WASHINGTON, July 13 (UPI) -- A severe drought is spreading in the Midwest this summer with the U.S. Department of Agriculture saying 1,016 counties in 26 states are natural disaster areas.
Drought conditions are being experienced in about 61 percent of the contiguous United States, the highest percentage in the 12-year record of the U.S. Drought Monitor at the University of Nebraska-Lincoln.
"Widespread deterioration and expansion of dryness and drought" in the Midwest, northwestern Ohio Valley and southern Great Plains is the result of unusually high temperatures and a lack of any significant rainfall, the drought monitor reported.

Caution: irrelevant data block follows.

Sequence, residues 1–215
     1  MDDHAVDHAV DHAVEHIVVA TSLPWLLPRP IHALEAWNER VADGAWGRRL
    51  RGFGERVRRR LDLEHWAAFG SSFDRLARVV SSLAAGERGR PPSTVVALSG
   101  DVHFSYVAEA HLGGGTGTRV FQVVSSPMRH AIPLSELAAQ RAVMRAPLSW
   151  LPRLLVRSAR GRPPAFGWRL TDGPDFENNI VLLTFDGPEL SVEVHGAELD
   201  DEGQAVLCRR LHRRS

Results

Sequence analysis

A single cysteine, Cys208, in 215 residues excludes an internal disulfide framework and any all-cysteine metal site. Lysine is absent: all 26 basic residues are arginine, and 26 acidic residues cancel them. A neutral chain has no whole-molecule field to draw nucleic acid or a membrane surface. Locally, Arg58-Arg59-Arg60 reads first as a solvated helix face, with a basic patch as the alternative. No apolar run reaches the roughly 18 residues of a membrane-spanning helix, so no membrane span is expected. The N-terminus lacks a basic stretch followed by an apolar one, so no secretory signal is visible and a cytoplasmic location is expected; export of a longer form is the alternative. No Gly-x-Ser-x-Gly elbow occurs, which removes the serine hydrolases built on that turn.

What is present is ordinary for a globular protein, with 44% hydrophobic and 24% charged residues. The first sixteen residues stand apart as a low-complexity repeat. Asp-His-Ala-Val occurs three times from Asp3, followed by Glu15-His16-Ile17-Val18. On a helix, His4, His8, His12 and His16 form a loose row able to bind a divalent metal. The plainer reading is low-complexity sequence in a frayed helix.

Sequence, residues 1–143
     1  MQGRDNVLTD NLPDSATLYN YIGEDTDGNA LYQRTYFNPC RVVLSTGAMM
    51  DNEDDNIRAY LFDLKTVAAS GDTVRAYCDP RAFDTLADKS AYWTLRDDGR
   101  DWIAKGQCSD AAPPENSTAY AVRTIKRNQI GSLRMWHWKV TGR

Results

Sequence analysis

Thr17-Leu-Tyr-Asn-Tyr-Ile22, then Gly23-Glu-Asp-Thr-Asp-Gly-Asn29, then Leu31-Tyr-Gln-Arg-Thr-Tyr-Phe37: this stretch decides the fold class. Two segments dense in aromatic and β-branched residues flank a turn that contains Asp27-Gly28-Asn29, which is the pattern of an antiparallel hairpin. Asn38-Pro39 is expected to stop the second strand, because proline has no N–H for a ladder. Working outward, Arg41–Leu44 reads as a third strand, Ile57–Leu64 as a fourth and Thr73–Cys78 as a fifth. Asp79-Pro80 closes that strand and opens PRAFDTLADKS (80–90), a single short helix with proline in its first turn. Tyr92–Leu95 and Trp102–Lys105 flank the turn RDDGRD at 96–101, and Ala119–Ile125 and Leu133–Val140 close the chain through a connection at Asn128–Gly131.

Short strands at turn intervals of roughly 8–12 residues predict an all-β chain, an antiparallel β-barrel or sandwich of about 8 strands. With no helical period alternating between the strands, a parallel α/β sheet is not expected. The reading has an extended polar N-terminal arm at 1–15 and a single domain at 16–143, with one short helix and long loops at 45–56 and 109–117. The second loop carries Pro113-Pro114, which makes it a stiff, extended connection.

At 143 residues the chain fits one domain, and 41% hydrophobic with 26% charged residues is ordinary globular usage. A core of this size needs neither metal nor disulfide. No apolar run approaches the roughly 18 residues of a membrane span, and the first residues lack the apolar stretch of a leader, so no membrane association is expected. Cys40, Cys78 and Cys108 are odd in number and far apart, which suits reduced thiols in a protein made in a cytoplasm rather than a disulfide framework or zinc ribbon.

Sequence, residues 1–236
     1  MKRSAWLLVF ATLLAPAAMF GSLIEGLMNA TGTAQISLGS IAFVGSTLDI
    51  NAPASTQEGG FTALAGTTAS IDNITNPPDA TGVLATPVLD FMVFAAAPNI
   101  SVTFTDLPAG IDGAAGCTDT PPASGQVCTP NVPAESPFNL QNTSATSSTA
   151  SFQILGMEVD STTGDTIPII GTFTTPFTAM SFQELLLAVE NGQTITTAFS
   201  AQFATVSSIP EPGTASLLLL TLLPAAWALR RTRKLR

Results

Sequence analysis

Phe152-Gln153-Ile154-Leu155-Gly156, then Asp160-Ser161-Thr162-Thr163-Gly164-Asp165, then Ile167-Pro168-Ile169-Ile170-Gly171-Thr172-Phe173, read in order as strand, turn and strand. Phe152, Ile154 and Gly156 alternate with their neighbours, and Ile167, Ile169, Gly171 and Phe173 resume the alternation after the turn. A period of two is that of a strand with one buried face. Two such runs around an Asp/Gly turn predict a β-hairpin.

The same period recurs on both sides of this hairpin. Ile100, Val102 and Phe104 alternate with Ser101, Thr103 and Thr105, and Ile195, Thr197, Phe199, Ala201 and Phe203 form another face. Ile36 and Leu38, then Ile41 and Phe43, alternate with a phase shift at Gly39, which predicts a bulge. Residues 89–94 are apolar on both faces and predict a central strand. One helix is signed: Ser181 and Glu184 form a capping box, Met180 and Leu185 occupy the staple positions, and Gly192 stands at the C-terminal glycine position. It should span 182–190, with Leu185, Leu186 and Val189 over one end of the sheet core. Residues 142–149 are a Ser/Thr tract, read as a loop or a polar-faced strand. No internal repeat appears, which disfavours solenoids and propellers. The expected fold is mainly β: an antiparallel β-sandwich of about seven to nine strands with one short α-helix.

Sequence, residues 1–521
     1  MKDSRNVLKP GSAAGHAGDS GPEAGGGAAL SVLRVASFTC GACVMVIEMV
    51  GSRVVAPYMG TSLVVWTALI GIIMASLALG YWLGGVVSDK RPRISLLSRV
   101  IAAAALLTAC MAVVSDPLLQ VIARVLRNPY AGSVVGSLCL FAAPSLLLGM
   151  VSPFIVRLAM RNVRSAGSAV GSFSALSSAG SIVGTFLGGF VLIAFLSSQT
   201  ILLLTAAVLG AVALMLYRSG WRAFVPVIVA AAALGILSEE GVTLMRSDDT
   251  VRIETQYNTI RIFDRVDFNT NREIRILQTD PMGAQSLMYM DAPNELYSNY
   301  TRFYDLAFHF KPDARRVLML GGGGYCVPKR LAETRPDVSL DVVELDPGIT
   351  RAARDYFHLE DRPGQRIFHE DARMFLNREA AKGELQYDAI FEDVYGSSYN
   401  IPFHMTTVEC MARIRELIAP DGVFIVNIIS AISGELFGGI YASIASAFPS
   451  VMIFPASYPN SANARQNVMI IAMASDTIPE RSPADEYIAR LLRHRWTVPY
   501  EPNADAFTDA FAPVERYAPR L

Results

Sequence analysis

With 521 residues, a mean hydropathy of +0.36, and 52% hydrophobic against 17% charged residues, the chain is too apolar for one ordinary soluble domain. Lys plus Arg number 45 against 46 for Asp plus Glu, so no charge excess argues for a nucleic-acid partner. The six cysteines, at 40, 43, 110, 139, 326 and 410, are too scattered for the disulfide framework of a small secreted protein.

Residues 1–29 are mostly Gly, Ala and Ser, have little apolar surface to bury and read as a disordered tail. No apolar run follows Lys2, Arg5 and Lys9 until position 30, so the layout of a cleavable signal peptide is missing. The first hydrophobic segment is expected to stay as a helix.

The National Climatic Data Center said the past 12 months have been the warmest the United States has experienced since record-keeping began in 1895.
A number of areas in the southern Midwest are reporting the poorest conditions for farming and livestock for June since 1988.
A county is generally considered a natural disaster area if it has suffered severe drought for eight consecutive weeks.
If so declared, farmers in a county can apply for low interest emergency loans from the Department of Agriculture's Farm Service Agency.